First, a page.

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    • "The capsid is the primary interface between virus and host cell, mediating vector binding to cell surface receptors (Wu et al., 2006). Moreover, the capsid but not the ITR sequence influences cell and tissue tropism (Grimm et al., 2008; Vandenberghe et al., 2008). The propensity of certain AAVs serotypes to bypass anatomical barriers is directly related to their capsid composition since only several serotypes with identical genome are able to efficiently cross the BBB (Zhang et al., 2011). "
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    ABSTRACT: Adeno-associated virus (AAV)-mediated gene delivery has emerged as an effective and safe tool for both preclinical and clinical studies of neurological disorders. The recent discovery that several serotypes are able to cross the blood-brain barrier when administered systemically has been a real breakthrough in the field of neurodegenerative diseases. Widespread transgene expression after systemic injection could spark interest as a therapeutic approach. Such strategy will avoid invasive brain surgery and allow non-focal gene therapy promising for CNS diseases affecting large portion of the brain. Here, we will review the recent results achieved through different systemic routes of injection generated in the last decade using systemic AAV-mediated delivery and propose a brief assessment of their values. In particular, we emphasize how the methods used for virus engineering could improve brain transduction after peripheral delivery.
    Full-text · Article · Jun 2014 · Frontiers in Molecular Neuroscience
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    • "This class of viruses also exhibits stable and long lasting transgene expression and a wide range of infectivity [17,21]. Numerous AAV serotypes have been isolated from adenoviral stocks [22,23], from humans [24-26] and from primate tissues [24-26]; some AAV serotypes have also been engineered by directed evolution [27-29]. These AAV serotypes possess three different capsid proteins: Virion Proteins 1, 2, 3 (VP1, VP2 and VP3). "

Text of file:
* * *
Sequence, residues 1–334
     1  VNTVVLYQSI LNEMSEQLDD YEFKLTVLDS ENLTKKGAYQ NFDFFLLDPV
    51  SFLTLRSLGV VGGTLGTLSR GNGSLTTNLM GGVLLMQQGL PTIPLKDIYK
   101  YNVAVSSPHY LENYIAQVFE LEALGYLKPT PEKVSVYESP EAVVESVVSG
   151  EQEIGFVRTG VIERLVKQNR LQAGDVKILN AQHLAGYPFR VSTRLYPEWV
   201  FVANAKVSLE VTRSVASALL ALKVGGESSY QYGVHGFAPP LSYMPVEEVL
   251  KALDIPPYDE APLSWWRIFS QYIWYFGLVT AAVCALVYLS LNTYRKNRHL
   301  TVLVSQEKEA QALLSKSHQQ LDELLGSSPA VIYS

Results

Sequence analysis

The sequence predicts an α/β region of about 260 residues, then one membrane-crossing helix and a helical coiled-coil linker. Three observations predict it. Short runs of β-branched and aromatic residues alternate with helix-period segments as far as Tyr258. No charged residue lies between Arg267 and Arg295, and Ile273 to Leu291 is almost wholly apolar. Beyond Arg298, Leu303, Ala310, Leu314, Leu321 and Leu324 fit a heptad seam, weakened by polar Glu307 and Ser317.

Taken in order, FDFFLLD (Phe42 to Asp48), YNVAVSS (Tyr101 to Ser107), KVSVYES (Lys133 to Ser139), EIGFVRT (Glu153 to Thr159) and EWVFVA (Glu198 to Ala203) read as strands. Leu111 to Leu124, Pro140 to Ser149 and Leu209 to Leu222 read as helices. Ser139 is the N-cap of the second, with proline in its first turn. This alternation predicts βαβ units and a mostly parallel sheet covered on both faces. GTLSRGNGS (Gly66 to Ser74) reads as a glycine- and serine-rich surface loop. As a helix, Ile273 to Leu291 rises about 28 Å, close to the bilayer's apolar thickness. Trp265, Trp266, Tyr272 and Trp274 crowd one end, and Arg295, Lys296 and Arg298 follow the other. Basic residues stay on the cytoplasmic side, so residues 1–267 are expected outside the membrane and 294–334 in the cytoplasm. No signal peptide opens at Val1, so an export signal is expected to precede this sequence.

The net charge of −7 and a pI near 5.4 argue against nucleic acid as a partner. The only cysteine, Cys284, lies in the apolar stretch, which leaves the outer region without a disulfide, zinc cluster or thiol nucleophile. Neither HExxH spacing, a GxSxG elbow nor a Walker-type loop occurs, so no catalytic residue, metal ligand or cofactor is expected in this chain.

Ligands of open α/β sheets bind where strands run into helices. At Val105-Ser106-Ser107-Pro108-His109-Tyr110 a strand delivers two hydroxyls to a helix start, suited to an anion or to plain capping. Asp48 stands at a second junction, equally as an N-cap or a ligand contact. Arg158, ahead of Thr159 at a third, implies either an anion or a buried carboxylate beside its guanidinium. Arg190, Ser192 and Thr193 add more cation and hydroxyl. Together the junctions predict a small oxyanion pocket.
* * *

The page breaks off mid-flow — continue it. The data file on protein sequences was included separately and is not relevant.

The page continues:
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    ABSTRACT: In recent years, there has been an increased interest in using recombinant adeno-associated viruses (AAV) to make localized genetic manipulations within the rodent brain. Differing serotypes of AAV possess divergent capsid protein sequences and these variations greatly influence each serotype’s ability to transduce particular cell types and brain regions. We therefore aimed to determine the AAV serotype that is optimal for targeting neurons within the Basal and Lateral Amygdala (BLA) since the transduction efficiency of AAV has not been previously examined within the BLA. This region is desirable to genetically manipulate due to its role in emotion, learning & memory, and numerous psychiatric disorders. We accomplished this by screening 9 different AAV serotypes (AAV2/1, AAV2/2, AAV2/5, AAV2/7, AAV2/8, AAV2/9, AAV2/rh10, AAV2/DJ and AAV2/DJ8) designed to express red fluorescent protein (RFP) under the regulation of an alpha Ca2+/calmodulin-dependent protein kinase II promoter (alphaCaMKII). We determined that these serotypes produce differing amounts of virus under standard laboratory production. Notably AAV2/2 consistently produced the lowest titers compared to the other serotypes examined. These nine serotypes were bilaterally infused into the rat BLA at the highest titers achieved for each serotype and at a normalized titer of 7.8E + 11 GC/ml. Twenty one days following viral infusion the degree of transduction was quantitated throughout the amygdala. These viruses exhibited differential transduction of neurons within the BLA. AAV2/7 exhibited a trend toward having the highest efficiency of transduction and AAV2/5 exhibited significantly lower transduction efficiency as compared to the serotypes examined. AAV2/5[prime]s decreased ability to transduce BLA neurons correlates with its significantly different capsid protein sequences as compared to the other serotypes examined. For laboratories producing their own recombinant adeno-associated viruses, the use of AAV2/2 is likely less desirable since AAV2/2 produces significantly lower titers than many other serotypes of AAV. Numerous AAV serotypes appear to efficiently transduce BLA neurons, with the exception of AAV2/5. Taking into consideration the ability of certain serotypes to achieve high titers and transduce BLA neurons well, in our hands AAV2/DJ8 and AAV2/9 appear to be ideal serotypes to use when targeting neurons within the BLA.
    Full-text · Article · Feb 2014 · BMC Neuroscience